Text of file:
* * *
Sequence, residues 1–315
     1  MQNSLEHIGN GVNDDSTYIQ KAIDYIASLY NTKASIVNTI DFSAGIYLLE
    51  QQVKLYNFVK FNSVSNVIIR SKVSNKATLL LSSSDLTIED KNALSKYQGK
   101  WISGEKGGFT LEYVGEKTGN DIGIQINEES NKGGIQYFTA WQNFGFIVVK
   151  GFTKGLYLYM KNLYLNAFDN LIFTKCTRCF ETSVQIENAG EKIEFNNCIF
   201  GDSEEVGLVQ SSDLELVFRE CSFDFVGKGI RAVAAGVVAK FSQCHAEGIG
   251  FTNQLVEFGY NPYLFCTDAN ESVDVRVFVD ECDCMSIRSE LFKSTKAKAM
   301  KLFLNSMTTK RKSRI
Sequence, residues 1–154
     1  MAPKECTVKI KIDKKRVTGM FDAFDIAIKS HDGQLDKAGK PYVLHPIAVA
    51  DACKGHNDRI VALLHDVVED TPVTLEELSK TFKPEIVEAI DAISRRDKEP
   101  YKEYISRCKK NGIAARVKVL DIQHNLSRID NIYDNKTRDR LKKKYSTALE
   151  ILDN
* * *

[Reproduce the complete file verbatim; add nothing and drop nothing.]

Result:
Sequence, residues 1–315
     1  MQNSLEHIGN GVNDDSTYIQ KAIDYIASLY NTKASIVNTI DFSAGIYLLE
    51  QQVKLYNFVK FNSVSNVIIR SKVSNKATLL LSSSDLTIED KNALSKYQGK
   101  WISGEKGGFT LEYVGEKTGN DIGIQINEES NKGGIQYFTA WQNFGFIVVK
   151  GFTKGLYLYM KNLYLNAFDN LIFTKCTRCF ETSVQIENAG EKIEFNNCIF
   201  GDSEEVGLVQ SSDLELVFRE CSFDFVGKGI RAVAAGVVAK FSQCHAEGIG
   251  FTNQLVEFGY NPYLFCTDAN ESVDVRVFVD ECDCMSIRSE LFKSTKAKAM
   301  KLFLNSMTTK RKSRI
Sequence, residues 1–154
     1  MAPKECTVKI KIDKKRVTGM FDAFDIAIKS HDGQLDKAGK PYVLHPIAVA
    51  DACKGHNDRI VALLHDVVED TPVTLEELSK TFKPEIVEAI DAISRRDKEP
   101  YKEYISRCKK NGIAARVKVL DIQHNLSRID NIYDNKTRDR LKKKYSTALE
   151  ILDN